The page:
2018 & burying the proverbial hatchet

It’s 2018 and while I have no data to measure this, it feels as though a cloud has lifted.

After the toxic cesspool of last year, I was fully expecting 2018 to bring disengagement and apathy en masse. But – at least from the conversations I have been having – it feels as though people are feeling empowered. Reactivated. Reinspired. Maybe it was the Christmas / New Years break. Maybe it was the activism on display at the Golden Globes, and now the Grammy’s. (Look, I’m usually not one to write about pop-culture or entertainment, ok? But bear with me). There seems to be a dawning realisation that it is our threshold for bullshit that is keeping this inequitable system alive.

The rule-book has been thrown out and we’re at the dawn of a new era. And, at least on my end, I am feeling a greater sense of solidarity and inspiration than I ever could have dreamed of. It gives me hope that we can bury the collective hatchet on the issues that divided us last year, forging ahead as a united force ready to take on the establishment.

We come in peace, but we mean business.

I’m sure by now you have all seen the video of Rose McGowan “losing it” on stage after being heckled by a trans activist. Her exhaustion and frustration is almost visceral. This is a rape victim who, after being blacklisted from her livelihood for years, who had to sell her house to fight Harvey Weinstein in court, was told she hadn’t “done enough” by what should have been an ally. We cannot have more of this in 2018.

There are plenty of issues that divide us: Despite what little gains have been made, African American & LatinX communities, the Indigenous, the LGBTIQA and women are still feeling the effect of structural discrimination policies harking back all the way to colonialism and through to the ‘40s, ‘50s and ‘60s. Those systems of oppression were so successful in their reach, powerful institutions are now using those very same practices to enslave the rest of us. It is unfortunate that it has taken this long for people to recognise what most of us have known for a long time:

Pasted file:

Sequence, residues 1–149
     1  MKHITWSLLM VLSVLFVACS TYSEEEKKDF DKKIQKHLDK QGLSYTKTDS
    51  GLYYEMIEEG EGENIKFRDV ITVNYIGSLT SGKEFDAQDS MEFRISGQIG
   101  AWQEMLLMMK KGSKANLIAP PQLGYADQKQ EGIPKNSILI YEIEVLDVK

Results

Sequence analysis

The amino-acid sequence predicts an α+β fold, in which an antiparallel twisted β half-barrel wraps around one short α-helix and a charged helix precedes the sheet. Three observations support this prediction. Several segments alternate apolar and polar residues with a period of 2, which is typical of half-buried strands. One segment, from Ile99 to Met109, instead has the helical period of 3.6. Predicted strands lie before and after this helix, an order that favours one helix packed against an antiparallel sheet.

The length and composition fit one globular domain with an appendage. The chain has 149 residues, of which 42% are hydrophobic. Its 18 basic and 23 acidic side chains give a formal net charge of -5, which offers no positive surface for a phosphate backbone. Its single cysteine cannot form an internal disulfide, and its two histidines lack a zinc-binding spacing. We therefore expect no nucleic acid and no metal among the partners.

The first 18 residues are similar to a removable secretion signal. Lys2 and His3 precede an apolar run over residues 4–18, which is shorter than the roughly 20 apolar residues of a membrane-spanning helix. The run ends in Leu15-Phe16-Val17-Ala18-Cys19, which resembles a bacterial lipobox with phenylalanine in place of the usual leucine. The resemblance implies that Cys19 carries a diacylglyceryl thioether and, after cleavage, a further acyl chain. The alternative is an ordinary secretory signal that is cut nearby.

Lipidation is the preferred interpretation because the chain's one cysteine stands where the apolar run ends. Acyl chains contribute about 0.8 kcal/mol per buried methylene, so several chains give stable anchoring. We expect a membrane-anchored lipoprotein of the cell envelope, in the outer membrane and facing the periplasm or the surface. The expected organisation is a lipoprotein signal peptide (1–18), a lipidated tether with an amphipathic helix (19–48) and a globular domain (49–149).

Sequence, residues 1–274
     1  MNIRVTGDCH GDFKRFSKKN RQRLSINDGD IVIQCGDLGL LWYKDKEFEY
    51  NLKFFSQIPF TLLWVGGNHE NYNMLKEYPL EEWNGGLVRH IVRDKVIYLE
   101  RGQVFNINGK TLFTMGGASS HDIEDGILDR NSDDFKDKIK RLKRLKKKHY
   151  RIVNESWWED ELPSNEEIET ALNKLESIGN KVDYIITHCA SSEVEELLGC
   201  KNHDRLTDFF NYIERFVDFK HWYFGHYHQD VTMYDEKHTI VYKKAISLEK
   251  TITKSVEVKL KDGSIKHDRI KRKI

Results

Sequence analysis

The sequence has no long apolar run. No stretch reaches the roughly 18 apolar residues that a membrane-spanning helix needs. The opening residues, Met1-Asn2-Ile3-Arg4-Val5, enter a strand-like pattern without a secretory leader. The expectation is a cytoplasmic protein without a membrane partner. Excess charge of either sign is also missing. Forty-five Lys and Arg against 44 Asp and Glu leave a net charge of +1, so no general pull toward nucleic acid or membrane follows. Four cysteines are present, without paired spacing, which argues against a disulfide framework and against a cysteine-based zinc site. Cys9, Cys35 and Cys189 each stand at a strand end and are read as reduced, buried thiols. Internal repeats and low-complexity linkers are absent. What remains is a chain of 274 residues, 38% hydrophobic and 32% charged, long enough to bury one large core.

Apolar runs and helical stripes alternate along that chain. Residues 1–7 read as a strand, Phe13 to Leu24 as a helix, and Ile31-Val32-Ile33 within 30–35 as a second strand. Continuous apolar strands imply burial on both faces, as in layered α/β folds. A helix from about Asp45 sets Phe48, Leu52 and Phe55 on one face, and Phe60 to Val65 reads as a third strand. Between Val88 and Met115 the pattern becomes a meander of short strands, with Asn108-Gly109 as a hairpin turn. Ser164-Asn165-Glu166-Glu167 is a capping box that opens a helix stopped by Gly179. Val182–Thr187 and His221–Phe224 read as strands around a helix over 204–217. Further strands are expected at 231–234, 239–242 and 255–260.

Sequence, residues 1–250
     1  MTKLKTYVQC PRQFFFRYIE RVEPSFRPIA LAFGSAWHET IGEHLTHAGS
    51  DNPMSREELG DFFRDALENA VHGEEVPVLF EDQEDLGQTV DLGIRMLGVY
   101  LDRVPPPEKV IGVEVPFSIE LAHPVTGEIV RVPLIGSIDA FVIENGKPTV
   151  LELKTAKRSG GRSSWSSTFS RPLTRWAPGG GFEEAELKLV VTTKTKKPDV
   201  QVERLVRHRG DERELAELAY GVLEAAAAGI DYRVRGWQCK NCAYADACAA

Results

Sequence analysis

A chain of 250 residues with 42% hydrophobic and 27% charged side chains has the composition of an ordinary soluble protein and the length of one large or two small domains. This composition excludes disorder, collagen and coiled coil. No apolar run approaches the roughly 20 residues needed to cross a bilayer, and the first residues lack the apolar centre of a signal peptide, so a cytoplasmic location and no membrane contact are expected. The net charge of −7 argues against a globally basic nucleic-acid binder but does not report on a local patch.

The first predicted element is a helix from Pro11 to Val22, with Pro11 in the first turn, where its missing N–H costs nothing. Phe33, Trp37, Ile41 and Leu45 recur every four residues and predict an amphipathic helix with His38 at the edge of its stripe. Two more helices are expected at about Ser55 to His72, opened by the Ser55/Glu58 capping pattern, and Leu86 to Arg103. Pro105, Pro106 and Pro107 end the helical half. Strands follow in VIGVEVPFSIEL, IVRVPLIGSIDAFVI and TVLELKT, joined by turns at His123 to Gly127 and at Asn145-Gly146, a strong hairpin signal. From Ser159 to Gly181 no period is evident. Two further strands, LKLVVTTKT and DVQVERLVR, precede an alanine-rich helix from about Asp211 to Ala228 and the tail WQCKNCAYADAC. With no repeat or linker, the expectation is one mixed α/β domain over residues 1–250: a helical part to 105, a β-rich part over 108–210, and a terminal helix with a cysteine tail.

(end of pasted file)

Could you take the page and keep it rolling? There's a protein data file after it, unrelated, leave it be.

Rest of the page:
The game was rigged from the start.

Last year, we were all victims of “pluto-populism“. We have let social issues distract us from the fact we are being economically disadvantaged. There is no doubt that work must continue on social issues, but securing the right of every person to meaningful work, and a wage that covers the basic costs of living, is a good first step. Not to mention affordable health-care, education and infrastructure that supports the 21st Century. Achieving financial security means we can remove the vitriol and animus of 2017 and channel it towards building a system that rewards the greatest number of people with the least amount of effort.

The real Resistance can no longer be about White vs Black. Or Male vs Female. Or Cis vs the LGBTIQA, or Jews vs Muslims & Palestinians, or Christianity vs literally everyone else, or the Press vs the Truth.

In the eternal words of Ice-T: ‘It ain’t personal, it business’.

Well, it is personal, but it’s also business. And that’s the greatest insult in all of this. So many of our problems could be solved with a bit of business sense and a true understanding of how money works, where it comes from, and why we have so little of it while profits soar.